Since the advent of major breweries, there has always been tension between mainstream beers and those which are produced by local brewers. While major brewers have the benefit of providing consistent prices and brews, there is a distinct lack of choice in beer selection resulting from this homogenization. In fact, one of the leading sites for collecting information about the Canadian beer industry estimates that as little as four percent of all beer produced in Canada is brewed by independent craft beer breweries.

This is troublesome for a nation that is famed for its love of drinking and producing beers of every kind. The problem, by and large, is that many of the larger companies buy out the small breweries. The effect of these actions is that there are many fewer choices in the beer that is being consumed throughout the country. While each province has shown itself capable of producing distinct flavors to reflect their geography and culture, the craft beers are being diluted by the heavy influence of the major brewing industry.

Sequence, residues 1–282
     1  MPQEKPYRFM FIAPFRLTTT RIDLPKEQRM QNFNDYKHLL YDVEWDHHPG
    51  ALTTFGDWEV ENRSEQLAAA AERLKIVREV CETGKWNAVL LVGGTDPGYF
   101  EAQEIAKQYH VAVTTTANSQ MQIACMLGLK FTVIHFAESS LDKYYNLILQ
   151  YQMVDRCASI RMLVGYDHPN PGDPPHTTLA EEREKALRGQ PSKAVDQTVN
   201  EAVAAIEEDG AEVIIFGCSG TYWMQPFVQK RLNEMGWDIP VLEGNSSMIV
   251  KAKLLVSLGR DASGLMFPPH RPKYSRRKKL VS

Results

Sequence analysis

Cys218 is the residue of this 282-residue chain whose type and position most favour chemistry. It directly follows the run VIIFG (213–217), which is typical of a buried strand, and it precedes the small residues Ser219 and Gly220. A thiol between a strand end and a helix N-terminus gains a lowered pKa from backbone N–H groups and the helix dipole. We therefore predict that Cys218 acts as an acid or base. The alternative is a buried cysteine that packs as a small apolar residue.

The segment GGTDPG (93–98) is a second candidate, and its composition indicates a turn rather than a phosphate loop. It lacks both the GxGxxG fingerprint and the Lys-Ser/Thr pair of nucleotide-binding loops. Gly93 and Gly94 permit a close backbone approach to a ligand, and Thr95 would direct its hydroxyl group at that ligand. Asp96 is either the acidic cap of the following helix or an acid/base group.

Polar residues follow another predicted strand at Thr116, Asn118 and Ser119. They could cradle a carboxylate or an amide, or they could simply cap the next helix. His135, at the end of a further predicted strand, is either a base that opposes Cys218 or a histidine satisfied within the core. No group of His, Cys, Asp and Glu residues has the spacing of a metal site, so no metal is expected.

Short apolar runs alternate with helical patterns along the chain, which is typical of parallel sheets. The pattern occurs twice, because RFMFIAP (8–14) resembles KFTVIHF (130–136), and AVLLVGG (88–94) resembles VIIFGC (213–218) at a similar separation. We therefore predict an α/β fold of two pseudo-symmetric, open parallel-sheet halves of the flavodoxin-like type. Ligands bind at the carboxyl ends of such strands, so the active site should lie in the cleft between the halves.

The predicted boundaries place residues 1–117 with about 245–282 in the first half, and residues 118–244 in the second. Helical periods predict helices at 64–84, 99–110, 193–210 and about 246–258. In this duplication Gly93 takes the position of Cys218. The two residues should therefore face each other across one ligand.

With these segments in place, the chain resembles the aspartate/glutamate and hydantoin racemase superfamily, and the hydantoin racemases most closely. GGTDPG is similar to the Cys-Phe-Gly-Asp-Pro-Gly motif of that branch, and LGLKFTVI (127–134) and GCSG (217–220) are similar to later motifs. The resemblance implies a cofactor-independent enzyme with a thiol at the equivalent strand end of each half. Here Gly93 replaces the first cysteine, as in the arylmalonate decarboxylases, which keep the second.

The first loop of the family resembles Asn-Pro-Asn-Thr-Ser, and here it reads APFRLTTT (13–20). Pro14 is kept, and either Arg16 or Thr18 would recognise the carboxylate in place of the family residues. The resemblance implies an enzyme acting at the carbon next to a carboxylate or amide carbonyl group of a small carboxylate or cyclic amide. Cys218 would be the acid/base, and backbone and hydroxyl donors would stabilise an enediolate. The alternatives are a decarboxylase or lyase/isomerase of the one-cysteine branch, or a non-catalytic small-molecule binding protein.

However, this is still some hope left to keep a variety of choices available in Canadian craft beers due to initiatives such as the Ontario Microbrewery Strategy. This initiative provides government support to microbreweries that are trying to explore different marketing strategies, while simultaneously allowing them to hire more workers so that they can keep their breweries running smoothly. As a result, they will be able to keep providing liquor sellers with a wide selection of beers that are not simply copies of one another.

Having the choice to drink and enjoy a distinct flavor of beer is a necessity to anyone who enjoys drinking, and this choice can be maintained by supporting local breweries, buying craft beers, and embracing microbreweries all throughout the provinces and country as a whole.